Re­form­ing Bail Re­form

The Saratogian (Saratoga, NY) - - FRONT PAGE - John Gray John Gray is a news anchor on WXXA-Fox TV 23 and ABC’S WTEN News Chan­nel 10. His col­umn is pub­lished ev­ery Wed­nes­day. Email him at [email protected]

A few years ago I was watch­ing a video of smart peo­ple do­ing dumb things.

A man was up on a tall lad­der in a tree clear­ing out branches with a chain­saw. He’d reach out with the saw, touch the branch and “whoosh” it would drop to the ground below. The man was a whiz with that chain­saw and in no time he was rid­ding the area of all the un­wanted tree limbs.

The prob­lem was he was so fo­cused on cut­ting the branches quickly; he wasn’t pay­ing at­ten­tion to the big­ger pic­ture. Can you guess what hap­pened next?

Yep, he only had one branch left to cut so with­out hes­i­ta­tion he reached out with the saw and cut through it like a hot knife through but­ter. It was just then he re­al­ized it was the very limb his lad­der was lean­ing on for sup­port and as the branch came crash­ing down to the ground, so too did the lad­der and the ge­nius hold­ing the saw.

Some­how he didn’t break his back when he hit the dirt and the, still-run­ning, chain­saw fell mer­ci­fully just to his side and didn’t take off any hu­man limbs.

I thought of our friend on the lad­der this week as I watched the gov­er­nor and state law­mak­ers scram­bling to ex­plain the new bail re­form law and why so many peo­ple ar­rested for hurt­ing oth­ers were set free only hours af­ter be­ing ar­rested. I have no doubt all those in fa­vor of the re­form had the best in­ten­tions when they crafted the law but they were in such a hurry to push it through last year, they didn’t re­al­ize they’d be chop­ping off their own limb.

And now, like that man on the lad­der, they are look­ing for a soft land­ing that al­lows them to fix the law be­fore a very bad per­son walks out of jail and kills some­one. Which, let’s be hon­est, seems about as likely as the sunrise in a state of 20 mil­lion peo­ple.

When I write th­ese col­umns I try to avoid the low hang­ing fruit, so say­ing that blan­ket bail re­form was a mis­guided idea seems a bit like pil­ing on at this point. When I see news­pa­pers all over the state, some very much left of cen­ter, say­ing this re­form is dan­ger­ous then you know some­thing is se­ri­ously wrong with it.

Democrats don’t usu­ally go against the gov­er­nor, at least in pub­lic, but many are and they want the law changed.

The break­ing point for the Cap­i­tal Re­gion I think was the man re­leased this week af­ter be­ing ar­rested in the death of an in­fant. This came only hours af­ter a dif­fer­ent guy was set free af­ter be­ing ar­rested for chok­ing a woman and vi­o­lat­ing an or­der of pro­tec­tion. You’d think when they wrote this law around a con­fer­ence ta­ble last year some­one would have raised their hand and said, “But if you choke women or kill ba­bies, in that case, you can still get bail set, right?”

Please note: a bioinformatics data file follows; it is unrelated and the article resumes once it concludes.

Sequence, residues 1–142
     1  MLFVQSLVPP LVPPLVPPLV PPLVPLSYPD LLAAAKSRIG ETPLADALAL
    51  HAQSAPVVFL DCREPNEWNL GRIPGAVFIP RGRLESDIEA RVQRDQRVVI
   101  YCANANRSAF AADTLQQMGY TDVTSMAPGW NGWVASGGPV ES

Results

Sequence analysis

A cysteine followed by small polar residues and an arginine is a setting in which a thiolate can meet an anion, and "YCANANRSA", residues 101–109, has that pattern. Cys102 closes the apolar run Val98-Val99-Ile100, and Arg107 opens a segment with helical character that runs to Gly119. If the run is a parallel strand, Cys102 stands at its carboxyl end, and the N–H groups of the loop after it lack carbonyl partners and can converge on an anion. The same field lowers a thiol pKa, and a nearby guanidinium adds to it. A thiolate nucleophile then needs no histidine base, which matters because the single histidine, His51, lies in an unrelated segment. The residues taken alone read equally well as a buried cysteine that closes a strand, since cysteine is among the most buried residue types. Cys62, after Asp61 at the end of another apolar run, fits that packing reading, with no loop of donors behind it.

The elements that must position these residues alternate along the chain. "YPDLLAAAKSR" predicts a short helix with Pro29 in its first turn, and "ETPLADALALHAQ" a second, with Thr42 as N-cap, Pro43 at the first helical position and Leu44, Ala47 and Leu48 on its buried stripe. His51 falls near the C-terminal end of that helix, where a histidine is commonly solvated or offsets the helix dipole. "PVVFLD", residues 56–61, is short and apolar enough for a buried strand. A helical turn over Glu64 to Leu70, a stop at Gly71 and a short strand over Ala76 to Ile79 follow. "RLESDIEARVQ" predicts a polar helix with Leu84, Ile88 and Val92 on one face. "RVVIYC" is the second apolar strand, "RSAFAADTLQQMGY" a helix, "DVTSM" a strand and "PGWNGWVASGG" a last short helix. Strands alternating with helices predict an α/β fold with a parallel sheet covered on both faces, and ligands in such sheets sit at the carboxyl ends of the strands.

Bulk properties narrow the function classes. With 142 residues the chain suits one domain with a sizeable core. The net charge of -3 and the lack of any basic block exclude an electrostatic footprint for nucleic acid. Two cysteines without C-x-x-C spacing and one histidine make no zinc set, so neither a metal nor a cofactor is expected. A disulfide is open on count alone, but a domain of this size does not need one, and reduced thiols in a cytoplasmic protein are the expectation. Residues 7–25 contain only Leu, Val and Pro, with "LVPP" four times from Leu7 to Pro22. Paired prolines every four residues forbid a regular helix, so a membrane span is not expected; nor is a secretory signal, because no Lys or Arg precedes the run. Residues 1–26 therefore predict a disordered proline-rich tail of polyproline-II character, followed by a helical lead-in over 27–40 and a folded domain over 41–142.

The gov­er­nor said ear­lier this week that there were some un­ex­pected con­se­quences play­ing out. That’s funny be­cause for months I’ve heard law en­force­ment types telling those of us in the me­dia that this was ex­actly what was go­ing to hap­pen; vi­o­lent peo­ple get­ting re­leased and vic­tims liv­ing in fear

I agree it’s un­fair that some­one sit in jail for months be­cause they are poor and their fam­ily can’t pull to­gether fivet­hou­sand bucks to get them out as they await trial. The prob­lem is, as is of­ten the case with laws, they are so broadly writ­ten they take a chain­saw to a prob­lem when a scalpel is what’s needed.

I’m also not a fan of tak­ing all de­ci­sion mak­ing out of the hands of judges. We have some pretty smart judges all over this fine state and I’d like them to be able to look at each case and say, “I know what the law says but I have veto power here and this guy needs to be locked up or at least have very high bail set.”

I also ap­plaud the law’s ef­fort to speed up what’s known as “dis­cov­ery” so de­fense lawyers have a fight­ing chance to see all the ev­i­dence. How­ever, with such a back­log of cases, I worry the dead­lines are now too tight and we’ll see dan­ger­ous peo­ple re­leased and charges later dis­missed be­cause an over­worked As­sis­tant D.A. couldn’t get the lab re­sults back in two weeks.

I also worry that bad peo­ple who get caught will be re­leased with­out bail, hop in a car and drive west un­til they hit the ocean. Then when they are stopped a year from now for speed­ing in San Diego and the com­puter tells the of­fi­cer this per­son is wanted in Sco­tia, New York for chok­ing a woman, no one here will bother driv­ing 3,000 miles to go get them. The nice thing about bail is it was an in­cen­tive to show up for your court date or some­one was go­ing to lose a lot of money. Now, there’s zero in­cen­tive if you’re guilty.

They say the road to hell is paved with good in­ten­tions. Let’s fix the law and avoid hell al­to­gether shall we.

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